The reason is almost embarrassingly shallow: I needed a location near the equator, because otherwise a space elevator doesn’t work. So I was spinning around a globe, scanning all the places exactly on the equator, but my eyes were drawn down to Darwin instantly. The title “The Darwin Elevator” flew into my brain and knew it was the right choice despite being a little off the line. I liked it partly because of the extra connotation the name brings, and partly because it’s a great melting-pot location: an English speaking population that, in the backstory, is flooded with refugees from all of its varied neighbors. Southeast Asia, Sri Lanka, India, New Zealand, and so on. There’s tons of variety in that corner of the world and that appealed to me.
In two ways. First, as a game designer my job was to create essentially the blueprint for a game. Typically this took the form of a gigantic "game design document" which would be handed off to programmers and artists, in theory telling them exactly what they should build in order to create the game as envisioned. For me this experience applies directly to the planning process for writing a novel. I outline like crazy, and do a fair amount of character development and world-building exercises up front.
This allows me to go into the writing process with a solid plan, but much like how things work in the game business, the plan has to be flexible. It has to live and breath just like the manuscript.
The second way game design taught me was how to handle the publication process. Working with editors, marketing folks, even beta testers (proofreaders in the book world) were all things I'd been through before, and so my expectations were pretty much set and proved to be spot on. I can see how it would be tough for some debut novelists to handle all these types of things, especially when all they really want to do is write.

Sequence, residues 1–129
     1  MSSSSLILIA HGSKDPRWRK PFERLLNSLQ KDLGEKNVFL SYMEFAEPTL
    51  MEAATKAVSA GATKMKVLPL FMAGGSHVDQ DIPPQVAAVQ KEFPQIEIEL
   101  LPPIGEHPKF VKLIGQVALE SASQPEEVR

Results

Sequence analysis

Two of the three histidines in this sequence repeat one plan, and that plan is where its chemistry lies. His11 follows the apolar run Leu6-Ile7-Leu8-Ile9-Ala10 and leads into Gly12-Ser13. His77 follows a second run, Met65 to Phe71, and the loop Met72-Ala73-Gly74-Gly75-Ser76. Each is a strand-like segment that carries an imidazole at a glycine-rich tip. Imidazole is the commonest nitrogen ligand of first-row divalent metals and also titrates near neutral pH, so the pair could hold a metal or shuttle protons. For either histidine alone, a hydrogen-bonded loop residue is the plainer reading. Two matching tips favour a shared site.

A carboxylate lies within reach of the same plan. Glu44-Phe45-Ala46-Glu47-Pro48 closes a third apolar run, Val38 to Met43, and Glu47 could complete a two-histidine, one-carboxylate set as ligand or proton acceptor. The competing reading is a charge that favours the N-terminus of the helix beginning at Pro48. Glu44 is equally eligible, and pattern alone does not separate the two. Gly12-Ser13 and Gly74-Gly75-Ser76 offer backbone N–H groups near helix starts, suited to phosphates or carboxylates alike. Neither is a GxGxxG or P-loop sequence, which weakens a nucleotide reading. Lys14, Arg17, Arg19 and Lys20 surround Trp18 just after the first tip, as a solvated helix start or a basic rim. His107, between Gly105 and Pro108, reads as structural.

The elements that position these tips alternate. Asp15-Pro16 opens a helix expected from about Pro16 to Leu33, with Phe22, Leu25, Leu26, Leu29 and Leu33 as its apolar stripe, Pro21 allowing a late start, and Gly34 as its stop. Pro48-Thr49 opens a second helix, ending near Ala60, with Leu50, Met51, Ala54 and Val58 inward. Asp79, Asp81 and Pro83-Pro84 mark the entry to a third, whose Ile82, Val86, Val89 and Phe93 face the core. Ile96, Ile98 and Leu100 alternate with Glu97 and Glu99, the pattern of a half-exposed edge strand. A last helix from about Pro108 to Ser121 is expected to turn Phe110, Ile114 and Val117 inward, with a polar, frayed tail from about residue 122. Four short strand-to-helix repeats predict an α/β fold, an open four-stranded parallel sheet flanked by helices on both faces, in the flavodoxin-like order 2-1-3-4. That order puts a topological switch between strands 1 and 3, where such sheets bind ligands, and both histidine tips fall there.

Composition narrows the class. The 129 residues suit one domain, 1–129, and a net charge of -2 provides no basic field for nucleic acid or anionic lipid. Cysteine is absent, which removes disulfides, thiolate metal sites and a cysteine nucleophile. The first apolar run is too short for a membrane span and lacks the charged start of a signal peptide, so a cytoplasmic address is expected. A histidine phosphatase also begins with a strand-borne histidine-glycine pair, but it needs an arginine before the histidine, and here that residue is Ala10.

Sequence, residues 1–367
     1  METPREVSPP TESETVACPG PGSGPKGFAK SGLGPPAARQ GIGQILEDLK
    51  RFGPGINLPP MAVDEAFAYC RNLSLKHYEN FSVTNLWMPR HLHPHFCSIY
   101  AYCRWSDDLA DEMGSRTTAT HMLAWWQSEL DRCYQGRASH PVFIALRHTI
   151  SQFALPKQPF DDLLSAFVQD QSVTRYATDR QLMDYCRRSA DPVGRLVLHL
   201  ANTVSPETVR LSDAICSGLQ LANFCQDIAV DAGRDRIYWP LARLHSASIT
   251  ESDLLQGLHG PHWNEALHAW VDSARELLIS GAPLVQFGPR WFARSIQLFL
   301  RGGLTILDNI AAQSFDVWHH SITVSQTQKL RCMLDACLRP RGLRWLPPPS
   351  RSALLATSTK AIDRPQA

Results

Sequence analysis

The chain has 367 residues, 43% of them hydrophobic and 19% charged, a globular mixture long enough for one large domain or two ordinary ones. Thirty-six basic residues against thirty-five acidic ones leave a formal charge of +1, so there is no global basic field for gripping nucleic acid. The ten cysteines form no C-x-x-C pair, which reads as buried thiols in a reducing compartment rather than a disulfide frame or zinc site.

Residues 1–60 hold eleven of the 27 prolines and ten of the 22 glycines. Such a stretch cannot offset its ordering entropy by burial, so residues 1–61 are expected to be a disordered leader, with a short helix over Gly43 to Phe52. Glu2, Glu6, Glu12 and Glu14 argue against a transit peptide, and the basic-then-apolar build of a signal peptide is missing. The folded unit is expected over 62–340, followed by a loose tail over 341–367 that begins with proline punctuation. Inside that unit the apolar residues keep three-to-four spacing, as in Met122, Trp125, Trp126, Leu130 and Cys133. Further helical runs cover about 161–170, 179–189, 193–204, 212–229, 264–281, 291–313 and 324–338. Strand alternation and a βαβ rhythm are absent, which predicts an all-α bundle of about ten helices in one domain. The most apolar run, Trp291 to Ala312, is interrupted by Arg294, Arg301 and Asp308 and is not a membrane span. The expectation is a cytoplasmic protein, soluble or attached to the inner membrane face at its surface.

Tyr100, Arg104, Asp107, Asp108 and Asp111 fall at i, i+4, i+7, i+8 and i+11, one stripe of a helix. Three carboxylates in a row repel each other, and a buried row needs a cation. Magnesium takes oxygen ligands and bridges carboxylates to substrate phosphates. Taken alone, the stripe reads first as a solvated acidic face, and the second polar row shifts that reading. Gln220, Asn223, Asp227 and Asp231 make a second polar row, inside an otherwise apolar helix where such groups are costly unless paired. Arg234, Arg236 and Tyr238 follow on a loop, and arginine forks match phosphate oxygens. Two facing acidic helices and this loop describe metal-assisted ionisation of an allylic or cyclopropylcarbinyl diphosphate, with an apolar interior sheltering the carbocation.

Ah.... well, the quick answer is that I'll start writing it as soon as my publisher asks me to. Soon, let's hope!
The longer answer is this: Zero World was originally intended to be a standalone book, and that made sense as it occupied a single slot in my 3 book contract (the other two being Injection Burn and Escape Velocity). As I was writing, though, it became clear to both myself and my editor that this could expand in to something much bigger, and I was given the okay to write it with a more open ending. In hindsight, I shouldn't have done this without a commitment (in the form of a contract) for at least one sequel. Lesson learned!
As things stand right now, Zero World will get a sequel as my publisher asks for one, or as soon as they definitively decline the project, in which case I'll have the option to do it on my own -- a definite possibility.
The good news is I've got the sequel all plotted out, and can start writing the minute I get the go-ahead.
I'd be a palm tree. No branches for critters to climb on, and I could hang out on the beach 24/7. Sounds pretty nice to me.
In what is rapidly becoming my favorite ComicCon, I'm happy to report I'll be back at PHXCC this year!